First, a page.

Monday, February 22, 2016

Economic Freedom and Intentional Outcomes

Are free markets more of an expression, than an actual reality? Often it is said that free markets work well (compared to "everything else") because they are not centrally planned or designed. Still: even though "master" planners supposedly don't exist, plenty of inadvertent (and often permanent) designs routinely take place behind the scenes, through the convergence of government and its most successful participants. Then, the results surface in the form of what is frequently ill begotten legal rules and regulations. Somehow this mish mash is expected to provide a cohesive whole, to serve as a hard standard across wildly divergent circumstance in general equilibrium.

This post is also intended to explain the rationale for my blog name, "the intentional marketplace". While I would have preferred "monetary equivalence", the latter phrase represents the dream, more than the reality. And presently, the dream is mostly aspiration on my part, that time value could prove adequate (when necessary) to make a good life - given sufficient effort. As things now stand, the time value of too many individuals is not capable of fulfilling that role.

Wouldn't it be great if economic freedom - that is, one's personal right to inclusion in production and consumption definitions - could be maintained without constant effort and diligence. If only! Whenever it is painfully obvious what stands in the way of economic freedom, I believe societies should step back, reassess laws and regulations, and try again as often as necessary, to achieve more freedom for all concerned.

A marketplace for time value - particularly in a time when knowledge use is vital - would also make a difference. Presently, individuals have few means to assist one another - even after years of personal time investment - on economic terms. Time value would build a new frontier in the form of alternative equilibrium, just beyond the walls of today's NIMBY borders.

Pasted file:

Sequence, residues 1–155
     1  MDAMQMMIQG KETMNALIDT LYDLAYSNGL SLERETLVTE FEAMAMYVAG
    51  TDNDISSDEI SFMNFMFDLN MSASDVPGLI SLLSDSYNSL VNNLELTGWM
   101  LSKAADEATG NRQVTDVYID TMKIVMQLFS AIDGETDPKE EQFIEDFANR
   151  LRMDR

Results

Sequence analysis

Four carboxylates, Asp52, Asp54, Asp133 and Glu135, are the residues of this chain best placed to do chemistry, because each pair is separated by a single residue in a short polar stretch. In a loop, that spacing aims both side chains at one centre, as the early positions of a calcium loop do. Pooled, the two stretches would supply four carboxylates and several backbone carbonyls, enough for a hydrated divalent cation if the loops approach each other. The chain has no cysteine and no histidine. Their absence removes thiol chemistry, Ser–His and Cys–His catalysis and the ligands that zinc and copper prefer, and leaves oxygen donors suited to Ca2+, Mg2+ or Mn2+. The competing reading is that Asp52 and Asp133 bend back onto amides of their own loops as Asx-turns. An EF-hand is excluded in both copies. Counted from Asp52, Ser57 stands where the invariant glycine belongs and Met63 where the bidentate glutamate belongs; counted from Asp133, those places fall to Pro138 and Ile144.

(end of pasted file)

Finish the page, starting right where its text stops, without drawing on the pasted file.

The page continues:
Markets are defined by intentional actions on the part of individuals and associations. Both will sometimes shape market use patterns for their personal preferences and intentions, in spite of free market rationale which may reason otherwise. Small wonder that capitalism routinely comes under ridicule!

Hence even though the blog name wasn't my first choice, I take its meaning quite seriously. Over time I'm slowly learning to let go of reactive responses, whenever someone insists that "free markets aren't broken and there's nothing to fix". Likewise, when claims are made that any form of marketplace planning is "detrimental to free markets".

For the record, I haven't been reactive because I think capitalism is a problem. Rather, I've been reactive because I am concerned that long term growth is increasingly endangered. And because I'm concerned that cities might become the only viable places for goods, knowledge use and most forms of services. Many who have spent part of their lives in rural areas, know how devastating such a development could be.

While more voices are being raised across the political spectrum for greater inclusion, the problem is that some of the most important forms of economic exclusion in today's society, occur by default. Once a given set of marketplace rules are set into motion (and built upon), they serve as choices for those who hold similar sets of income levels and preferences. Consequently, few other marketplace design options are given a chance to emerge, which could serve other sets of income and lifestyle preferences. Not only has this mindset led to a crushing sameness in physical infrastructure, it also generates shortcomings in the infrastructure patterns which generate knowledge use and services formation.